It seems not even Beijing can conceal the political ruthlessness of its actions from the world even when it comes to how it usually treats its stars, specifically female stars, like sexual conquests for the party elites.  The top-ranked doubles tennis player in the world, Peng Shuai, dared to speak out against becoming a sexual conquest by one of the creepy powerful elites of the party, and she quickly disappeared.

With the Olympics Committee serving as China’s apologist, the attempted ruse is not working, and the people of the “West” are now asking questions they should have asked long ago, “what kind of country is China and can we continue to do business with it?”

The Women’s Tennis Association, for one, is not amused at China’s attempts to silence this woman who dared speak out against the party and its decades of sexual conquest of its female ‘starts.’  It doesn’t pay well to become a star in China when the party elite find you sexually conquestable.

Never mind all that, though, King Lebron and the NBA have a great relationship with China, and their social justice work in America surely doesn’t conflict with the reality of the nature of the Chinese state under a totalitarian ruler, Chairman Xi, who serves as the head of the party, the Chinese Communist Party, the big brother, if you will, of what the DNC hopes one day to become (but I digress).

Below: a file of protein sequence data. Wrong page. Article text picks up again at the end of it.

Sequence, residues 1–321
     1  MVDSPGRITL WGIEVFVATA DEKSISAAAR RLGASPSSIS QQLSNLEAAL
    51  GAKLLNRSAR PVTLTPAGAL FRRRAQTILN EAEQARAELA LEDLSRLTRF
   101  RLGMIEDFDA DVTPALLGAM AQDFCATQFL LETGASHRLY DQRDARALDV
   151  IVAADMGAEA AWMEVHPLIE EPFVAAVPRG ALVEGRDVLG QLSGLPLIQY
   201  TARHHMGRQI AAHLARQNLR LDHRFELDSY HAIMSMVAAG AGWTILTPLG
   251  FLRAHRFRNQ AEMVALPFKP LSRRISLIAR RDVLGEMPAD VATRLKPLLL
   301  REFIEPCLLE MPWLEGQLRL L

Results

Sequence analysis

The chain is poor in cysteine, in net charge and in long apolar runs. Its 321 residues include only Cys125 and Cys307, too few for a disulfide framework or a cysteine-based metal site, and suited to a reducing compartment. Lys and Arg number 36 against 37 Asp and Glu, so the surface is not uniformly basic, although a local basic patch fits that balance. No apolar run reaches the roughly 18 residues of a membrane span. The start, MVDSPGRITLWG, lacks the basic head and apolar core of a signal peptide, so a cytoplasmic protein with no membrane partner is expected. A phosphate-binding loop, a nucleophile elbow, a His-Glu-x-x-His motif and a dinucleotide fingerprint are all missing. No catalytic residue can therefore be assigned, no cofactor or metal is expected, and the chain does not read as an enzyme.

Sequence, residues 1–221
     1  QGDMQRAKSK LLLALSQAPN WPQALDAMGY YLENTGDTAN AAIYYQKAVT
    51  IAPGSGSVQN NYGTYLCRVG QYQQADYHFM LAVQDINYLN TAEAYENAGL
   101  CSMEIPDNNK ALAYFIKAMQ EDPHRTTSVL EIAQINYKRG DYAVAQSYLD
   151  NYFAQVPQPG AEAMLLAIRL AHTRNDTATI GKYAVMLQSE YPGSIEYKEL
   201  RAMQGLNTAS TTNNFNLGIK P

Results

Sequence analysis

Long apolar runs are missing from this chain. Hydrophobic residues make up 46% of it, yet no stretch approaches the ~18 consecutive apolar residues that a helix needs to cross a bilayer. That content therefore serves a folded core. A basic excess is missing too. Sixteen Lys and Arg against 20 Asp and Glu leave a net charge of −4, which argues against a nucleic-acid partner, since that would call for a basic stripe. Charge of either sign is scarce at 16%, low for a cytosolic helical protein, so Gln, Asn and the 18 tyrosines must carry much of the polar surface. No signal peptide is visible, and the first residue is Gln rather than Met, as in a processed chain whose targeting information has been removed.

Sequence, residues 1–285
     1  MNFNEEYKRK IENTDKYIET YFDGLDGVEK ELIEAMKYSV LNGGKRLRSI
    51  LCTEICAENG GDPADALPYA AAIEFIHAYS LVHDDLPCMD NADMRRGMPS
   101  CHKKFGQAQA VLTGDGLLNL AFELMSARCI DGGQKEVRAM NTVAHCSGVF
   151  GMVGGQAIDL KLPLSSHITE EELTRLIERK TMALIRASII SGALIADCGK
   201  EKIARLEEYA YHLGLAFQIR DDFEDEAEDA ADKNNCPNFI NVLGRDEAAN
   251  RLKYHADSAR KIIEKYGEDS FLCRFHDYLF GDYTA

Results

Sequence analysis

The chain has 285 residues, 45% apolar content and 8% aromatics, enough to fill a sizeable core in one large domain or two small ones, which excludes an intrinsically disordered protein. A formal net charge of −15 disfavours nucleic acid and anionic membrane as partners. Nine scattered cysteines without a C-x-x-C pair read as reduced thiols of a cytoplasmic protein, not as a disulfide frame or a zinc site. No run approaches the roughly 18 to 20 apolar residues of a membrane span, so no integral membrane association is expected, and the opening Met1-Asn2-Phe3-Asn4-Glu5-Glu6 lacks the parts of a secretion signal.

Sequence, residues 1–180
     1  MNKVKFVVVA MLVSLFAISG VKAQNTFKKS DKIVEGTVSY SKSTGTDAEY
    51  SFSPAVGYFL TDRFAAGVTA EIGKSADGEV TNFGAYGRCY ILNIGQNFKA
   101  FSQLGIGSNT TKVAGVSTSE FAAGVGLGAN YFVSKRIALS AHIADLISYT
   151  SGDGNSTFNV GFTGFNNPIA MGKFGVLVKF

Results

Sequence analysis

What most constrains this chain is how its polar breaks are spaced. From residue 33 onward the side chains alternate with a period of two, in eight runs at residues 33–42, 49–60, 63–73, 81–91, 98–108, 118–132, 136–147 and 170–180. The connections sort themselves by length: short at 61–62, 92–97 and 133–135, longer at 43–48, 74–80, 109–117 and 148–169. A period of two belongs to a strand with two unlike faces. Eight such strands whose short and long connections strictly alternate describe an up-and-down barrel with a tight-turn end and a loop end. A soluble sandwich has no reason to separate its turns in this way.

China’s Silence on Peng Shuai Shows Limits of Beijing’s Propaganda

From www.nytimes.com
2021-11-30 12:26:42


When the Chinese tennis star Peng Shuai accused a former top leader of sexual assault earlier this month, the authorities turned to a tried-and-true strategy. At home, the country’s censors scrubbed away any mention of the allegations. Abroad, a few state-affiliated journalists focused narrowly on trying to quash concerns about Ms. Peng’s safety.

Beijing seems to be relying on a two-pronged approach of maintaining the silence and waiting for the world to move on. The approach suggests that the country’s sprawling propaganda apparatus has limited options for shifting the narrative without drawing more attention to the uncomfortable allegations Beijing hopes would just disappear.

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